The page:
VDI Series: Part 2 – Addressing Performance
At VMworld back in August, Nutanix was honored with TechTarget’s Best of VMworld – Desktop Virtualization award.
With the show being our first public appearance after launching just two weeks prior, this honor surprised many people in the desktop virtualization and general virtualization community. In this post (continuing our VDI series), I would like to go into some details on why we believe the Nutanix Complete Cluster is a great fit for desktop virtualization use cases. If you’re in a hurry and want the Cliff Notes version, you can take a detour to the vmworld video interview @ BrianMadden.com. For those with a longer attention span, let’s get into the nitty, gritty.
Three key areas that can make or break a successful VDI deployment are: Performance, Scale-out and Manageability. This post focuses on performance as it relates to VDI. I will cover Scale-out and Manageability in subsequent posts.
Let’s start with a baseline. This article from Citrix does a good job of describing the IO profile for virtual desktops. Even though the article is specific to Citrix XenDesktop, the analysis can also equally apply to VMware View or any other VDI management solution. Here’s a summary of the key points from this article for our baseline:
Boot Storms – 300 IOPS, 90/10 R/W ratio
Steady State -10/90 R/W ratio. IOPS numbers vary as follows:
Light: Single application, no web browsing – 6 IOPS
Normal: Few applications, minimal web browsing – 10 IOPS
Power: multiple applications concurrently, and heavy browsing – 25 IOPS
Heavy: Compiling code, Videos – 50 IOPS
Now that we know what it takes for a VDI performance-wise, let’s examine how a typical SAN holds up under these circumstances. Let’s take a 1,000 desktop deployment as an example.
Random Steady State IO: In steady state, desktop users open applications, send email, browse the web etc. Each of these translates to a small size IO request to the storage layer. Now, each desktop is independent of the other desktops. A SAN can’t tell one desktop from the other. Therefore all IO coming into a SAN at steady state is completely random.
What kills a SAN in steady state is that each random IO is a spindle head movement. With an average of 20 IOPS per desktop, the total random IO required of a SAN is 20,000 IOPS. This translates to 300 spindle disks without accounting for RAID. With RAID 5 or 6, the number of disks required is 600-800 just to support steady state random IO coming from these 1,000 virtual desktops.
Boot Storms: Booting a virtual desktop requires that the key OS bits be loaded from the SAN, separately for each desktop. There’s no simple way for a SAN to load the data more intelligently, since this intelligence has to be at an upper layer. Booting 1,000 users translates to 300,000 IOPS, which means for many deployments, overprovisioning storage is necessary to meet the performance requirements, driving the TCO way up.
Now let’s get back to why we believe the Nutanix architecture provides a great alternative to traditional server +SAN approaches for VDI. How does the Nutanix Complete Cluster, with its converged compute + storage architecture stack up in the face of these performance challenges?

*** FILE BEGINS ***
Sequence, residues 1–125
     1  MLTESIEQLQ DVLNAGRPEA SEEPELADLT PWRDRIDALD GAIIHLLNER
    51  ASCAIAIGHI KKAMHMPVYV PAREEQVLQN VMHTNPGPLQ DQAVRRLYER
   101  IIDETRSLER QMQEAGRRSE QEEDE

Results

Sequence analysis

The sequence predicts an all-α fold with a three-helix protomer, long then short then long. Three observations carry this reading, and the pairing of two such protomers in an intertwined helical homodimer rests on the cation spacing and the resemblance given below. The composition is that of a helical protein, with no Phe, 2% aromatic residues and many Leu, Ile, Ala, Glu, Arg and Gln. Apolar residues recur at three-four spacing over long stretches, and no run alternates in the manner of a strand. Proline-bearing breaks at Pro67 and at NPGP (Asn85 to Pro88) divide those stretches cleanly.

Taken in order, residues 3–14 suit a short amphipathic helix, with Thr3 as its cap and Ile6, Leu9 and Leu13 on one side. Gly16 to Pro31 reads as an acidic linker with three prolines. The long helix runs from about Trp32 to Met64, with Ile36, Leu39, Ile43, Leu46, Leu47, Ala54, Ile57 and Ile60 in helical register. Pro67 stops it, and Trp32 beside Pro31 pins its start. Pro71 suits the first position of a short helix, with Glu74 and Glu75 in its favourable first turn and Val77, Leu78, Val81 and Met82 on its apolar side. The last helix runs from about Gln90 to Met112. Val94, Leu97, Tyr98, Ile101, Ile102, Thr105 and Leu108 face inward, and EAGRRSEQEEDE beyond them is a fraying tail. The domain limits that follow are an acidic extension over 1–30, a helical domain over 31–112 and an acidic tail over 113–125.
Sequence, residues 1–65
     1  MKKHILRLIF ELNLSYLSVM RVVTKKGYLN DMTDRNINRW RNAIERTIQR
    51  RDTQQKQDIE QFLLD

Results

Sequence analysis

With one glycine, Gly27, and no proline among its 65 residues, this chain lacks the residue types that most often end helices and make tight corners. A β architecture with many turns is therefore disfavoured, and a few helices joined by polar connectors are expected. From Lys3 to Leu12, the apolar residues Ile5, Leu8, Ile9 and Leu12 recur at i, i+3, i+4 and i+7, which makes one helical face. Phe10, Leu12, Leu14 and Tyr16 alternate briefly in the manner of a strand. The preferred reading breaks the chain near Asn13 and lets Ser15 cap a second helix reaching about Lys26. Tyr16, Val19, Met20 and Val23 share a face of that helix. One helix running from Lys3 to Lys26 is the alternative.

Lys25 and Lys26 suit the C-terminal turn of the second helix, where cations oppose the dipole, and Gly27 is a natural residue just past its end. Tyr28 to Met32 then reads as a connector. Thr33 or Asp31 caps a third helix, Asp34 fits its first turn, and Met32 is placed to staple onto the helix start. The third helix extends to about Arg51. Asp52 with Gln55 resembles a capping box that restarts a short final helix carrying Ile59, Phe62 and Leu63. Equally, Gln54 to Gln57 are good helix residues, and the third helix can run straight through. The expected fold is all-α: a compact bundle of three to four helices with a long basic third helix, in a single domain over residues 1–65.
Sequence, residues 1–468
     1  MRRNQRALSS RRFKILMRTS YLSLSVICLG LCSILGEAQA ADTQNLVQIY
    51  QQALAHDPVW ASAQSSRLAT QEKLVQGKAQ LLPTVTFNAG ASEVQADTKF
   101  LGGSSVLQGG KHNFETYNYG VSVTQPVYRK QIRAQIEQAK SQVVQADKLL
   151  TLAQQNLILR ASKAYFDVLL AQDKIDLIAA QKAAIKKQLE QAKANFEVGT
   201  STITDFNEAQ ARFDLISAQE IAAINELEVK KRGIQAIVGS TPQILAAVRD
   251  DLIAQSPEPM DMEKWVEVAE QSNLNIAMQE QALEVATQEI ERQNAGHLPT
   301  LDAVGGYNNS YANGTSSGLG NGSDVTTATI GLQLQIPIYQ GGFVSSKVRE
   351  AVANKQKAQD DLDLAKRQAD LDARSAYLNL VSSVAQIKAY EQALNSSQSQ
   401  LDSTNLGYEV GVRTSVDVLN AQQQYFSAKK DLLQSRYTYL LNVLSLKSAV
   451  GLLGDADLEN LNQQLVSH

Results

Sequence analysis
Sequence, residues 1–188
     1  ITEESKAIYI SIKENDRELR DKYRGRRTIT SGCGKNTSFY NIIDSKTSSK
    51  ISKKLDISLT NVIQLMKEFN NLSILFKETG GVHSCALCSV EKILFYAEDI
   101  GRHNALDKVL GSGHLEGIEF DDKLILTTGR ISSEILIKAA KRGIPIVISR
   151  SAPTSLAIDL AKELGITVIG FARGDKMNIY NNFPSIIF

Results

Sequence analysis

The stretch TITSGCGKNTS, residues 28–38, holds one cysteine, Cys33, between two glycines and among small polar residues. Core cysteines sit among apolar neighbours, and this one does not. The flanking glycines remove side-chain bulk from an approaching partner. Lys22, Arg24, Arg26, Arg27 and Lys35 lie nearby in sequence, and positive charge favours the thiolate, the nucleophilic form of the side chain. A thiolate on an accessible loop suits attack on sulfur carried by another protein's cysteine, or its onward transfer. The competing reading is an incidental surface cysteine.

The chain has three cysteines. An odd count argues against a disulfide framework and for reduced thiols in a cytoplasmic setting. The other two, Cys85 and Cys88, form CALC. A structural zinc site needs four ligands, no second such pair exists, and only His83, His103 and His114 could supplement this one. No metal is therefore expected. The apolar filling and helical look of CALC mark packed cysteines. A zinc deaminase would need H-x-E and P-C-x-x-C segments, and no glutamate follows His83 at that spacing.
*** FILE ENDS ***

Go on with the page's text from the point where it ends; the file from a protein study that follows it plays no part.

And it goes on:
Fast Random IO: All write IO in the Nutanix Complete Cluster goes to the HOT (Heat Optimized Tiering) Cache first. This cache data is written to Fusion-io ioDrive that is on each node in the Cluster, and immediately returns to the OS. The Nutanix Scale-Out Converged Storage layer that stitches the local storage from each node in the cluster into one global fabric then provides persistent storage in the form of either the DiskStore (direct-attached SATA HDDs) or the FlashStore (PCI-e attached Fusion-io ioMemory) depending on the tiering policies in place. The fact that the IO is written to Fusion-io ioDrive first means that there is no spindle disk in the picture here. All Fusion-io flash. This means microsecond latencies and high throughput.
No more Boot Storms: Each controller VM in the Nutanix architecture functions similarly to a traditional storage controller, except that there is one for every node instead of a limited number shared by a large SAN that may result in bottlenecks. The controller VMs each have a cache called an “Extent Cache” that caches the data that has been served up by the controller. Frequently accessed data continues to live in the cache. This means that once cached, the OS bits are served from the cache, eliminating the need for disk/flash IO.
By rethinking how infrastructure should be built for virtualization, Nutanix’s approach inherently solves the 2 biggest performance pain points for VDI. Nutanix delivers fast random IO as well as high sequential bandwidth providing desktop users with a great user experience in steady state and in the face of boot storms.
In the next post, I’ll go into another key pain point for VDI: incremental scalability. It’s commonly known that many VDI deployments fail when they try to scale beyond 200 desktops. We’ll look at how Nutanix is built from the ground up to rapidly scale while maintaining high performance, enabling IT organizations to grow their VDI deployments, as needed, one node at a time.
One last note to keep in mind that though the Nutanix solution is great for VDI, it was designed for virtualization use cases as a whole, from general server virtualization in the core datacenter to DR sites, to test and dev or branch offices. We’ll elaborate on more of these use case in future blog posts, so stay tuned.